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Iran nuclear deal participants have agreed to meet for talks in Vienna on the return of the United States to the accord. Mediators are to hold "separate contacts" with US representatives in the Austrian capital.
Iran and the major powers in the 2015 nuclear deal on Friday said they were ready to welcome the return of the US to the agreement.
The European Union, China, France, Germany, Russia, Britain, and Iran agreed to further talks next week in Vienna, with separate contacts to take place with the US.
The remaining participants in the nuclear deal said they would resume further talks next week "in order to clearly identify sanctions lifting and nuclear implementation measures."
Crucially, Washington — which unilaterally pulled out of the deal in 2018 under President Donald Trump — is set to be indirectly involved.
The statement after Friday's virtual meeting said the group's coordinator would "intensify separate contacts in Vienna'' with all participants of the nuclear agreement and the US.
The group "emphasized their commitment to preserving the JCPOA and discussed modalities to ensure the return to its full and effective implementation," in a statement using the formal acronym for the accord, the Joint Comprehensive Plan of Action.
The statement was released by the EU, which is coordinating nuclear talks between the parties.
The talks are expected to rely on shuttle diplomacy, with the EU acting as a mediator.
"The US will be in the same town, but not the same room," a European diplomatic source told the Reuters news agency.
Iranian Foreign Minister Javad Zarif said on Friday that the aim of the Vienna talks was to "rapidly finalize sanction-lifting and nuclear measures for choreographed removal of all sanctions, followed by Iran ceasing remedial measures."
He further added: "No Iran-US meeting. Unnecessary."
DW's Brussels Correspondent Teri Schultz said negotiators in Vienna would likely work through two separate to-do lists — one to help Iran return to compliance with the nuclear deal, and the other related to the removing of US sanctions.
"Those two lists, at some point, would have to be joined up and there would have to be a timeline, which is where things have gotten stuck before. There remains a lot of work to do but there seems to be an opening of minds on both sides."
While German Foreign Minister Heiko Maas welcomed the news, he said time was of the essence.
"An agreement that is once again fully respected would be a plus for security for the entire region and the best basis for talks on other important issues of regional stability," he said in a statement.
An EU official said the aim was to reach some kind of agreement within the next two months.
"We are negotiating a list of nuclear obligations, and a list of sanctions lifting. They should marry at some point. In the end, we are approaching this in a parallel way. I do think we can do it in less than two months," the senior official told Reuters after the virtual talks.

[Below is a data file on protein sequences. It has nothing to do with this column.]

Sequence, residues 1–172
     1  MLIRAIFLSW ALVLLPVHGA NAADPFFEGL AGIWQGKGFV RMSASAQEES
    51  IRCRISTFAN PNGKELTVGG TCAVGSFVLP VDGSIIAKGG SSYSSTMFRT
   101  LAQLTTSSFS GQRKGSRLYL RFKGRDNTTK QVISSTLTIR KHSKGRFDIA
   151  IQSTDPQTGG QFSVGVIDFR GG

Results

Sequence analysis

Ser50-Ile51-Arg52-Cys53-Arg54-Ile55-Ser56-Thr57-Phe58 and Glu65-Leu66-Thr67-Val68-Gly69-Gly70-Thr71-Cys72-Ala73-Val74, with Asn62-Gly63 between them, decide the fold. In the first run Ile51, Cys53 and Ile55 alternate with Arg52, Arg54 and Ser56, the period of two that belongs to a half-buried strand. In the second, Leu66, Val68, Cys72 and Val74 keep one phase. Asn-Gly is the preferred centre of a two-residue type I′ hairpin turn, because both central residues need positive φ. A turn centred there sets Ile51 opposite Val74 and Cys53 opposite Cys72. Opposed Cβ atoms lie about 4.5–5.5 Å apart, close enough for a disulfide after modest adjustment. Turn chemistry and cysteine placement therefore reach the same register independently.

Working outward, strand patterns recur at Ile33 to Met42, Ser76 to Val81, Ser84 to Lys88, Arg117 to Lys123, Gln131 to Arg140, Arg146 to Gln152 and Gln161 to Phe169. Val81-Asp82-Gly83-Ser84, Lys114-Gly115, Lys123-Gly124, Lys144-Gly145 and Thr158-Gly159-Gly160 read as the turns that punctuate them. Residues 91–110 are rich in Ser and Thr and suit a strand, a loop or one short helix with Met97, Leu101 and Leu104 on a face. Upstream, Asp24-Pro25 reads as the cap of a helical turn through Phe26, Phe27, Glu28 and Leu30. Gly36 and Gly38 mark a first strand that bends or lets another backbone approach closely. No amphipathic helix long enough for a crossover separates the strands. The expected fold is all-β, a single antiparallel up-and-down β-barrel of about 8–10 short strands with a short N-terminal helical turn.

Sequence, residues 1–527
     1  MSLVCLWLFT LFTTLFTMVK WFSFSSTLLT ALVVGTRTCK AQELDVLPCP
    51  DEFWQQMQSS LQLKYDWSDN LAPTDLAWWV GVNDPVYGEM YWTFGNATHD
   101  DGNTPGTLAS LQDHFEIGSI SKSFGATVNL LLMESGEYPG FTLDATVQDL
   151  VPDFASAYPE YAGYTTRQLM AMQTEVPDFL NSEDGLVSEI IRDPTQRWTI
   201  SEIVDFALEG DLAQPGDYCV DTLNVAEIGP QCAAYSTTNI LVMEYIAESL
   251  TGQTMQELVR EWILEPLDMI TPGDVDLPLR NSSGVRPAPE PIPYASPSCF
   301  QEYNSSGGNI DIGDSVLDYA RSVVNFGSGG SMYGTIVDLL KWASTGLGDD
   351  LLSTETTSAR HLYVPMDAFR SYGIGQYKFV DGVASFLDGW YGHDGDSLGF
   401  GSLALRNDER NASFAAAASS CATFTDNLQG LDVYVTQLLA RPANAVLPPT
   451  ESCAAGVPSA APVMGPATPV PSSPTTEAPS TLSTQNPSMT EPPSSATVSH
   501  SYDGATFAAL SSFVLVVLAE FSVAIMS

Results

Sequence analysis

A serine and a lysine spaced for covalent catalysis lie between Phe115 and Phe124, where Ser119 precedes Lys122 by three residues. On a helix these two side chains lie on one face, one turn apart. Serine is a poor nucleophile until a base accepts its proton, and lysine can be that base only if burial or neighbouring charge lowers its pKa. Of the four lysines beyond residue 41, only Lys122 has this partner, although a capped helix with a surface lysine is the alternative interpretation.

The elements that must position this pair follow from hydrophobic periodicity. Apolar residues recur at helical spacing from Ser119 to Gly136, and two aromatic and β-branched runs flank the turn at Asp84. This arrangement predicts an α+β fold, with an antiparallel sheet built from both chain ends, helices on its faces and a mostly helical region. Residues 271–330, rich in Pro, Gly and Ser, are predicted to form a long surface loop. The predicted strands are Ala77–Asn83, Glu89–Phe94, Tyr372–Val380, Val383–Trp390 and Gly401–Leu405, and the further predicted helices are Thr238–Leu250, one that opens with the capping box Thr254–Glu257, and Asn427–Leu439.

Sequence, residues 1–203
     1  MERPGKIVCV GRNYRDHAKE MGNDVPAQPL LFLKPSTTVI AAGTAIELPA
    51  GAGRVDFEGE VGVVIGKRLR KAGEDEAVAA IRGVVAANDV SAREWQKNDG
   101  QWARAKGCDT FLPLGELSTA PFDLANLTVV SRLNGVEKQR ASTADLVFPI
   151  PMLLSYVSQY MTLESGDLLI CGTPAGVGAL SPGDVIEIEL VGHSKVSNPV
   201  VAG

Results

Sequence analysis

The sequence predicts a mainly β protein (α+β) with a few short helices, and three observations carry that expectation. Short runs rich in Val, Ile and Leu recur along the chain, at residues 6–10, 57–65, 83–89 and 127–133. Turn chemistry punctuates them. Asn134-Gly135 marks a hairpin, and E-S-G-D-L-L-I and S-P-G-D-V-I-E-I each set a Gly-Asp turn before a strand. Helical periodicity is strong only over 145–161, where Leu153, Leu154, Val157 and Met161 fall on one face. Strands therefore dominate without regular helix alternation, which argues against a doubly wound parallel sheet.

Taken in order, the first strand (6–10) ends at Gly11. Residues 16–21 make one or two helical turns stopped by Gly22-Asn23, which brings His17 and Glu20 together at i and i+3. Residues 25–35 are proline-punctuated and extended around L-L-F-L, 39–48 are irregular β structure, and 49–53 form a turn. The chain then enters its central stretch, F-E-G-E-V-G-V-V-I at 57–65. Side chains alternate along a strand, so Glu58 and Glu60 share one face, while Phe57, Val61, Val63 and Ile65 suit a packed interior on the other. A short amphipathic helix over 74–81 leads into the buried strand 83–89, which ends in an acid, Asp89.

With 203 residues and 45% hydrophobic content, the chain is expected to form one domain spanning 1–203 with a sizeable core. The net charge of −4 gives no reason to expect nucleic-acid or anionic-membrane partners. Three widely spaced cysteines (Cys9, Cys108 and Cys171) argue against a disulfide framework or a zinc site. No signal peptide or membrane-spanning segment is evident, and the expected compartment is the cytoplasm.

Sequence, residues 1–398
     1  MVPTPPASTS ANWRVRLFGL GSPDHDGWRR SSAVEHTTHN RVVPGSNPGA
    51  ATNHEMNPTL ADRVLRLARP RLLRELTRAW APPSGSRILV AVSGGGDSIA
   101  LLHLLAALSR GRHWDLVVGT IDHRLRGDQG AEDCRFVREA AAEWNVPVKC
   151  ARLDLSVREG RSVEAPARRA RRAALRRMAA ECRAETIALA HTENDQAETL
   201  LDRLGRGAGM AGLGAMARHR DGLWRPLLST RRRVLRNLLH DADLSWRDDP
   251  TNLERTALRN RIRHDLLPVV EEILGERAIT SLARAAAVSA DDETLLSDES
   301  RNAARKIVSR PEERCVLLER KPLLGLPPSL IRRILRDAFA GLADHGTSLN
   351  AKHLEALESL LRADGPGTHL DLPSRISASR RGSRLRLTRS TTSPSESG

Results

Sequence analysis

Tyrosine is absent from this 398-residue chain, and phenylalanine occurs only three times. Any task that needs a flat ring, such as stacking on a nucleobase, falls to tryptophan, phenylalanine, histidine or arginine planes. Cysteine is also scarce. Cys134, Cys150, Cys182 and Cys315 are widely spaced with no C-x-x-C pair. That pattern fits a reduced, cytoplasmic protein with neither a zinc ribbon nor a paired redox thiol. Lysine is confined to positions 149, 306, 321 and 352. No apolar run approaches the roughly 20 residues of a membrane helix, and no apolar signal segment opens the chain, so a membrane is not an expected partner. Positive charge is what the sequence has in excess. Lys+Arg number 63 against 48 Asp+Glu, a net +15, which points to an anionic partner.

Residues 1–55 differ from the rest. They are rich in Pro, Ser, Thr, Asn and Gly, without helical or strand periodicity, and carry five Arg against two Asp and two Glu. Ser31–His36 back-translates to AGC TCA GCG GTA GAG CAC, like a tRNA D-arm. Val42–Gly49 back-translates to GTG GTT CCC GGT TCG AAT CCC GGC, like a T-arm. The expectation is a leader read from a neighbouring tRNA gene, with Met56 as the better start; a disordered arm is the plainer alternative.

US President Joe Biden has promised to rejoin the pact on the condition that Iran first returns to respecting its commitments that it abandoned in retaliation to Trump's decision to pull out of the deal and reimpose sanctions on the Islamic Republic.
Tehran, however, insists that Washington has to lift sanctions before it makes any moves to fall in line.
Iran also said there would be no direct meeting with US officials in Vienna, the Iranian Foreign Ministry website said after Friday's talks.
"The United States will not attend any meeting in which Iran is present, including the meeting of the joint commission, and that is certain," Deputy Foreign Minister Abbas Araqchi was quoted as saying by the website.
"It is their business, whether other parties to the [nuclear accord] seek to consult bilaterally or multilaterally with the United States ..., whether in Vienna or elsewhere," Araqchi said. "The Iranian delegation will not have any talks with the US delegation at any level."
White House officials made no immediate comment on the Vienna talks. State Department spokesman Ned Price had called the meeting on Friday, aimed at a US return to the deal, "a positive step."
Former US ambassador Frank Wisner told DW Friday that he is hopeful about the Vienna talks next week.
"I don't discount how long the negotiation will be and how long it will take," Wisner said. "I believe it does, however, provide the opportunity for the sides to come together and achieve a goal set out some weeks ago for the United States to return to the JCPOA on a compliance for compliance basis."
rc/msh (dpa, Reuters, AP, AFP)